White House chief of staff John Sununu, under fire for his extensive use of government planes, twice flew to Boston for dental appointments on a military jet costing $3,945 an hour to operate.
Sununu also got a hop on a military plane to visit his parents in Florida and again to attend a New Jersey football game and farewell party for outgoing Gov. Tom Kean.Trying to quell the flap over Sununu's travels, the White House released documents Tuesday itemizing 77 trips by Sununu from the spring of 1989 until last weekend.
Sununu listed most of his travel on military planes, including visits to Colorado ski resorts and repeated trips to his home state of New Hampshire, as official business. He said 24 trips were for political business, 49 were for official reasons and only four were personal - the two dental visits and the New Jersey and Florida trips.
Sununu's travels cost taxpayers an estimated half million dollars, based on the hourly operating cost of the 12-passenger C-20 corporate-style jet he usually flies.
Sununu and the Republican Party reimbursed the government $47,044 for his travels, in line with a government policy requiring payment of the regular commercial fare plus $1 for private trips.
Democrats have instituted a congressional audit of Sununu's travel expenses. However, responding to the release of his travel itinerary, they acknowledged he has not broken any rules.
Rep. Robert E. Wise Jr., D-W.Va., chairman of a House Government Operations subcommittee, said Sununu "probably followed the regulations. The question is whether this is the mode of travel he ought to become accustomed to for personal reasons."
However, Rep. Bob McEwen, R-Ohio, said Sununu was the victim of "the cheap shot of the week."
Addressing the House, McEwen said "My question, very simply, is this: If the person responsible for the most important office in the land does not have access to government planes, exactly who are the government planes for?"
Sununu repaid the government $900 for his two trips to the dentist in Boston. He paid $200 for the personal travel in New Jersey and $167 for a hop from Key Largo to West Palm Beach to visit his parents.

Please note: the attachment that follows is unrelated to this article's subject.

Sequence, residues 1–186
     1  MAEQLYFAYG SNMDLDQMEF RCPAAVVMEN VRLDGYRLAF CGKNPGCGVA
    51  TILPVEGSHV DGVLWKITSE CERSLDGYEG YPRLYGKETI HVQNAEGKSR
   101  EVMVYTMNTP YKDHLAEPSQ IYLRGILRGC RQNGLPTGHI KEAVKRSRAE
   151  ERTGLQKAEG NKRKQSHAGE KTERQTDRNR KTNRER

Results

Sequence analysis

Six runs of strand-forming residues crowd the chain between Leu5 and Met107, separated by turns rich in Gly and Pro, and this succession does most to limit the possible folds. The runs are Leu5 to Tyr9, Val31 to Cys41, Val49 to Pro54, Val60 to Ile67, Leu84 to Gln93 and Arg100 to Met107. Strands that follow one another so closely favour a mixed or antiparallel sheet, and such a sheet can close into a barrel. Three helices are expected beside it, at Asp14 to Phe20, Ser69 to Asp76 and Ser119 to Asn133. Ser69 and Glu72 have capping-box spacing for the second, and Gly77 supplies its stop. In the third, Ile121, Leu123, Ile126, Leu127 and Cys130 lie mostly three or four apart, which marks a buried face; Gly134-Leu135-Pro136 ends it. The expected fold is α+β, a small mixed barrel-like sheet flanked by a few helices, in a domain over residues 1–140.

Sununu did not talk with reporters about his travel, and White House officials who discussed it did so only on condition of anonymity. Explaining his trip to a Boston dentist, one official said "That's where he started the work. You want the same dentist to finish the work."
Sununu and Bush's national security adviser, Brent Scowcroft, are the only White House staff members authorized to travel on Air Force planes.
In contrast to Sununu, Scowcroft took government aircraft on 23 trips between March 7, 1989, and Oct. 26, 1990. All of the trips were listed as official except one - a ski vacation with his daughter to Utah on March 10, 1990. He reimbursed the government $1,052, the White House said.
The travel policy was adopted in August 1987 during the Reagan administration to ensure that the people in the two jobs could always be contacted and to protect them from the threat of hijacking.
The 1987 White House guidelines said that when traveling on vacation or private business, the officials "should evaluate the use of military air transportation on the basis of appearance or impropriety."
Defending Sununu's trips, White House spokesman Marlin Fitzwater said Sununu and Scowcroft needed military planes equipped with sophisticated communications devices that prevent conversations from being overheard.